The Experts On Women, Sex, Marriage

ALICE STEINBACH

January 26, 1992|By ALICE STEINBACH

Sorry to bring this news to you a bit late, but the interview between Norman Mailer and Warren Beatty in the November issue of Vanity Fair answered so many important questions about the state of affairs between men and women that I needed time to digest it all.

Incidentally, when I say "state of affairs" I want to make it perfectly clear I am not alluding to Mr. Beatty's allegedly busy love life -- although the article does list the names of 30 famous women with whom Mr. B. is supposed to have had "liaisons."

What I'm actually referring to when I say "state of affairs" are the deeper, more profound issues facing men and women today.

Issues concerning love. And marriage. And sex. And womanizing.

As someone who has taken it upon herself to keep an ongoing file of clips labeled "The Wit and Wisdom of Norman Mailer on Love, Marriage, Sex and Womanizing," I must tell you my heart leapt for joy when I saw Vanity Fair's 12 1/2 -page "Warren Report."

Finally, I thought, we have hit the Mother -- or if you prefer, Father -- Lode: Who better to dispense wisdom to us on relationships between the sexes than a six-times-married, 68-year-old man and a 54-year-old never-married, recent first-time father?

Just listen to this exchange:

Warren (remember, never-married) on divorce: "One way to not get divorced is to not get married."

Norman (remember, married six times) on divorce: "You know nothing about a woman until you meet her in court."

By the way, this last remark sounded oddly familiar to me. And sure enough, after researching my Norman Mailer files, I found a note confirming that back in 1990 the divine Mr. M. said he "didn't ever know a woman" until he had sex with her. Which confused me. Does this mean that, in order to know a woman, Mr. M. now needs to have sex in a courtroom with her?

Never fear. I will soon be writing to Mr. M., asking for clarification on this last point. And also to ask him to be clearer in the future about what it takes to "know a woman." If, for instance, I read a future remark from Mr. M. stating he never knows a woman until, say, he "walks a mile in her high-heeled pumps," does this mean in the courtroom where he and his woman have had sex? You see the problem.

But getting back to the profundities extracted from Warren B., I was touched by something he confessed to Norman M.: "I grew up thinking," said this now legendary Lothario, "I would marry the first woman I had sex with."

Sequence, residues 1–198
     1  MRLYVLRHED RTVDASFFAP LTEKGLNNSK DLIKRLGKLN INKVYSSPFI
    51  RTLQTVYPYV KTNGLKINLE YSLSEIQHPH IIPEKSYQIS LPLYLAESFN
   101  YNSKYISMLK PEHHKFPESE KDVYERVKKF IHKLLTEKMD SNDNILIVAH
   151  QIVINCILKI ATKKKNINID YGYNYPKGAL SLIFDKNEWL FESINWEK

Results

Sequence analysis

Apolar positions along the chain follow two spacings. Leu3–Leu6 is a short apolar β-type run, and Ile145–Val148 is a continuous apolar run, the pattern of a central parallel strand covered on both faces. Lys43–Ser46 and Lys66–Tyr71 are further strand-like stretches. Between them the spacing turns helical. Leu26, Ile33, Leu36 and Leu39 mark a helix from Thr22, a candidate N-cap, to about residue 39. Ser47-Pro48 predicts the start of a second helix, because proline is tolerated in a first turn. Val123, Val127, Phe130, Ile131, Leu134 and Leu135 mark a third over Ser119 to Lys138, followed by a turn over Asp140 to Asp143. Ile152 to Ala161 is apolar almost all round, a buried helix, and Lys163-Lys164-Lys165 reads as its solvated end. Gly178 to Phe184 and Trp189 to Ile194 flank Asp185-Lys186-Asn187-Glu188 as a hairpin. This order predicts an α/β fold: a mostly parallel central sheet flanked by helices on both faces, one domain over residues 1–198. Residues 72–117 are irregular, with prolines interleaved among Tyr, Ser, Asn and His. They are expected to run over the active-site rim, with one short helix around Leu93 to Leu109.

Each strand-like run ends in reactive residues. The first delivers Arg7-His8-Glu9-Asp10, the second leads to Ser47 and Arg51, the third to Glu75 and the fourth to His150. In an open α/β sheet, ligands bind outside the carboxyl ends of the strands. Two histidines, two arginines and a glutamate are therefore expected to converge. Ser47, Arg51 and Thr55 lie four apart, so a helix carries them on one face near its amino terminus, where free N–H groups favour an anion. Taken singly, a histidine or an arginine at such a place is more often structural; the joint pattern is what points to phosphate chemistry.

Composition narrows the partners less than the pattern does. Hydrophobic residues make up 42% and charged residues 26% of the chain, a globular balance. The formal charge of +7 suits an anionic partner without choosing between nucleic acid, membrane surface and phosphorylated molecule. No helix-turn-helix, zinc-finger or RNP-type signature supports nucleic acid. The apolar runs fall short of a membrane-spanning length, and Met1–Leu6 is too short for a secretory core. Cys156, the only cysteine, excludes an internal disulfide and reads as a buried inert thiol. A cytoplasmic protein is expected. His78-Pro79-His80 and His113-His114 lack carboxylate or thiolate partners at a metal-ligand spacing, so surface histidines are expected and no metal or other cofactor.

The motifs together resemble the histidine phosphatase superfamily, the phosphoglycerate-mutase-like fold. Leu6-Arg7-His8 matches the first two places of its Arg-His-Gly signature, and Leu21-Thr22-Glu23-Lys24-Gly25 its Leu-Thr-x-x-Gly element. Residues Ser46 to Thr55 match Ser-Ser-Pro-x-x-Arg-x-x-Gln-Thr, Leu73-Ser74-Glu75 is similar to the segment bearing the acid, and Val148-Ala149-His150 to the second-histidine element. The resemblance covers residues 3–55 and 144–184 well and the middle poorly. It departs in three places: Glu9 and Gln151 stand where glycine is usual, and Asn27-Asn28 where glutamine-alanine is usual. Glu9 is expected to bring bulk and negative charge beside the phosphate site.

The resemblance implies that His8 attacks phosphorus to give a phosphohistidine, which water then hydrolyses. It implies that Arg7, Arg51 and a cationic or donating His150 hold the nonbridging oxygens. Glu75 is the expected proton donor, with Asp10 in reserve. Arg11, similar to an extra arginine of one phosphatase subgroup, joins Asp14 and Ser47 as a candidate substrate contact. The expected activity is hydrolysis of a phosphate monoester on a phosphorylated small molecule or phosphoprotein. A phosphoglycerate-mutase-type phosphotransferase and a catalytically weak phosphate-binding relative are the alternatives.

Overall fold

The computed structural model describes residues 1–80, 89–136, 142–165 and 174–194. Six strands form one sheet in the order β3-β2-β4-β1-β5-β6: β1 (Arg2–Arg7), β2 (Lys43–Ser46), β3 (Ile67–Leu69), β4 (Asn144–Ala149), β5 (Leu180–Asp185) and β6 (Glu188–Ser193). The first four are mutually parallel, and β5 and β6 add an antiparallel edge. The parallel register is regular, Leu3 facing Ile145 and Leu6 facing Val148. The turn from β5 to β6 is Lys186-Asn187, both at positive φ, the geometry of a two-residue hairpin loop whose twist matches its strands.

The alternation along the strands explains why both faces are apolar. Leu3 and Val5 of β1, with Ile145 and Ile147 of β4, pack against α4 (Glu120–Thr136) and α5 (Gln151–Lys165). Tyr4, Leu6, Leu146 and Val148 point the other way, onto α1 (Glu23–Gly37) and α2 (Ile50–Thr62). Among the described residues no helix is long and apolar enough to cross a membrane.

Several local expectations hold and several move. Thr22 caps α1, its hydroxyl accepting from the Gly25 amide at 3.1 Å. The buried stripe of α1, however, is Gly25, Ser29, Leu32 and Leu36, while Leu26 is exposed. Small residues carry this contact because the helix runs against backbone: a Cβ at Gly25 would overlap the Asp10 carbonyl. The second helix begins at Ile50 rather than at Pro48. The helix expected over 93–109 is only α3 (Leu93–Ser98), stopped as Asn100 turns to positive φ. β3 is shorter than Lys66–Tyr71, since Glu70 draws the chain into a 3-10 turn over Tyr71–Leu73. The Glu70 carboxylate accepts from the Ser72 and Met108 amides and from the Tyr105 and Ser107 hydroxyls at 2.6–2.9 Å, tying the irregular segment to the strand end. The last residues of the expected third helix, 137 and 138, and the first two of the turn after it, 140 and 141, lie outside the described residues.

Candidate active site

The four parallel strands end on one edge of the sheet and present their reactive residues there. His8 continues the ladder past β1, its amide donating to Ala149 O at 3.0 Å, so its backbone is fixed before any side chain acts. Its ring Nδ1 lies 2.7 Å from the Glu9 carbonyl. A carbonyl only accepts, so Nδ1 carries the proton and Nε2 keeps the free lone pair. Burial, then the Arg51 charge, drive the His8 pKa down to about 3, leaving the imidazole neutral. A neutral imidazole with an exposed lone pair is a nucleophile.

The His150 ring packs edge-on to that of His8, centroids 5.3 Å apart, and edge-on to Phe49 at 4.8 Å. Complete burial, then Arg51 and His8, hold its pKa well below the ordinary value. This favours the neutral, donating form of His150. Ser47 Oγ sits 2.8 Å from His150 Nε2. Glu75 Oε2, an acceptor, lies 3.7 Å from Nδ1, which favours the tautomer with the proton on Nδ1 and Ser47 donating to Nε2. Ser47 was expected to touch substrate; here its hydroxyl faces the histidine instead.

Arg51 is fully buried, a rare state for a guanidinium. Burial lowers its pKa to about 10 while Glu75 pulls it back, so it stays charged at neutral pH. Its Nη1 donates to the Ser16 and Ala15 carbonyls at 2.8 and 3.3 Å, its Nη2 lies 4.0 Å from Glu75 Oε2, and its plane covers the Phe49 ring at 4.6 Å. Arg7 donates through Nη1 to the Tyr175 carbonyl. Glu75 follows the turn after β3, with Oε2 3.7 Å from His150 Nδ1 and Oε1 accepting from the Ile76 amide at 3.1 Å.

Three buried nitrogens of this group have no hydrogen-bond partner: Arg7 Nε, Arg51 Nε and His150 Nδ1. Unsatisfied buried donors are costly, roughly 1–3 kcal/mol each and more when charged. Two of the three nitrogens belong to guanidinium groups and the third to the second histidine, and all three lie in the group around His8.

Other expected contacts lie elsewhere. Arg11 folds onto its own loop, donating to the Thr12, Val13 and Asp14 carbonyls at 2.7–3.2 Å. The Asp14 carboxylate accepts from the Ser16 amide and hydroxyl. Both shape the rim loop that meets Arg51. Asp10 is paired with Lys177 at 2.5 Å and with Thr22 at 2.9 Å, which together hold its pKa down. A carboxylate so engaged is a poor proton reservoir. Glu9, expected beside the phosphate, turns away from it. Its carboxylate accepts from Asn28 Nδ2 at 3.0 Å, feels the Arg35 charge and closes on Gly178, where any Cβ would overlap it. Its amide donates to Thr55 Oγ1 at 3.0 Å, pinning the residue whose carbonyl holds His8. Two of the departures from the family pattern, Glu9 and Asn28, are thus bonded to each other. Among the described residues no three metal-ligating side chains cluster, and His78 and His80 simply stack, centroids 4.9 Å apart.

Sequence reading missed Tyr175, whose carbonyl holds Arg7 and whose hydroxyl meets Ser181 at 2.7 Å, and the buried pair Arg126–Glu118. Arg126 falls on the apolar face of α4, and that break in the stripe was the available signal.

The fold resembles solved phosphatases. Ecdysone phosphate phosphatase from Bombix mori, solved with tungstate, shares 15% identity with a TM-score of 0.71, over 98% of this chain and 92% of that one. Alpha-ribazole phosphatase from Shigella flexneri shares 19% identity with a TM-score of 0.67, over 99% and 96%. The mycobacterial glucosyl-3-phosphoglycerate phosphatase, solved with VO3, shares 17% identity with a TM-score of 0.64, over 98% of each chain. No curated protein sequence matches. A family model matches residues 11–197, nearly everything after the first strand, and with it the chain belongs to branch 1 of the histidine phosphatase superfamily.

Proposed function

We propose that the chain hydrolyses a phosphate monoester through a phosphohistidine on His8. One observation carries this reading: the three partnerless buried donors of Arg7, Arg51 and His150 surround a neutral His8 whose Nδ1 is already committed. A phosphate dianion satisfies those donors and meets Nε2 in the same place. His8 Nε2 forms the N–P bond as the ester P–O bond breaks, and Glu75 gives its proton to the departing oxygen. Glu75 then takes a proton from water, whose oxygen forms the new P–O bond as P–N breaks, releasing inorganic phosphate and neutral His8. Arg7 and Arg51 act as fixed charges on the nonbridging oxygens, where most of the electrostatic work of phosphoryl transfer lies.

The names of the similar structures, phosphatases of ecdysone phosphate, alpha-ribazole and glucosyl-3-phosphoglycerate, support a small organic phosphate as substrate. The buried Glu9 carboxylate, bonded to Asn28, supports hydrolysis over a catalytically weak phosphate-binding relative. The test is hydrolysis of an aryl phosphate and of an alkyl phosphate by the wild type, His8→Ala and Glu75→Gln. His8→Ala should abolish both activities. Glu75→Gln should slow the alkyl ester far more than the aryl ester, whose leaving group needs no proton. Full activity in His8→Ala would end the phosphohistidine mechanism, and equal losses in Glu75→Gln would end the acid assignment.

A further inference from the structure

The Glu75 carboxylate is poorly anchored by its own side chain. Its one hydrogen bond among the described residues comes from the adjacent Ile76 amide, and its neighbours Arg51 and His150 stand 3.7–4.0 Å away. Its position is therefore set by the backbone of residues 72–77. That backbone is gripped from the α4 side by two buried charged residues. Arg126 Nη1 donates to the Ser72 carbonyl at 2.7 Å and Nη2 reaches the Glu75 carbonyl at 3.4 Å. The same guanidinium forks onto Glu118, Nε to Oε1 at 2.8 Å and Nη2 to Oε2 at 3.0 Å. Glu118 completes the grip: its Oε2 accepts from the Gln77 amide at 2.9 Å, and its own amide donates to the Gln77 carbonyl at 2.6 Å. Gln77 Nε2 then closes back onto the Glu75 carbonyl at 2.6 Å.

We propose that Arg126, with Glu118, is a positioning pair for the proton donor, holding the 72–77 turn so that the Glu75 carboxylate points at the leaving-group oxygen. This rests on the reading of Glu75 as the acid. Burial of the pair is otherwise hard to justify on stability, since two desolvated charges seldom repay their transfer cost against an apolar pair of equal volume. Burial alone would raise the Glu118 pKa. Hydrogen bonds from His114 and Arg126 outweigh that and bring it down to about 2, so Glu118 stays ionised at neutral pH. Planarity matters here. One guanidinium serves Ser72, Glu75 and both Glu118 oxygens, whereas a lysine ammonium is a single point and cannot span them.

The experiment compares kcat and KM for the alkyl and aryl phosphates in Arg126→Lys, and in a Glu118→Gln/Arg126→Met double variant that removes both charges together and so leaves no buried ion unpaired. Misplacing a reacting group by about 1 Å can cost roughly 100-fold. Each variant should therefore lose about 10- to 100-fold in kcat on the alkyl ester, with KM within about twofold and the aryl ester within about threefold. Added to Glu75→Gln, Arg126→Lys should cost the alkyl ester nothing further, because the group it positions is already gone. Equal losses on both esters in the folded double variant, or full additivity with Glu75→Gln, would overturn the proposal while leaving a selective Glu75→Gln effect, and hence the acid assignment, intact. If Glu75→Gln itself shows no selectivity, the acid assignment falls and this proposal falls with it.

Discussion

But, alas, little Warren's dream was not to be. Instead, the young lad became -- in Mr. Mailer's words -- "a generous, discreet, and considerate womanizer." So generous, discreet and considerate

in his womanizing, says Mailer, that some feminists who usually frown on such activity have offered him "papal dispensation."

Of course the question arises: What makes Warren run? And, like any good interviewer, Mr. Mailer tackles the issue head on by trying to help us understand what shaped his subject. Here, for example, is Mr. Mailer grilling Warren on his high school years:

N.M.: "Were you one of the central figures on the campus?"

W.B.: "Oh, well, you know, it was public school, I was, I -- uh, well, depending on the measure. Yeah."

N.M.: "Objectively, were you one of the Big Men on Campus?"

W.B.: "I was a good football player. I was, uh, president of the class. I was . . . things like that."

That's it! The-Big-Man-on-Campus Syndrome. It explains a lot. No wonder the polarity -- sexually speaking -- between little Warren and big Warren.

But our psychological understanding of both men -- apropos their attitudes about women -- takes a quantum leap through this exchange about the original women in their lives: their mothers.

"Yes, my mother adored me," says Warren.

So did Norman's: "If I had gone to the top of a tower in Texas and shot down 17 people with a rifle," says Norman who, by the way, was given a suspended sentence when he stabbed Wife No. 2 with a penknife, "my mother would have said, 'Whatever did they do to make Norman so upset?' "

And so it goes. Two aging Lotharios sitting around talking abouwomen. And politics. Sort of. See, Norman thinks Warren ought to run for president.

Of the United States.

Don't laugh. It could work.

After all, as Warren himself wisely points out: "I am the only guy who hasn't cheated on his wife."

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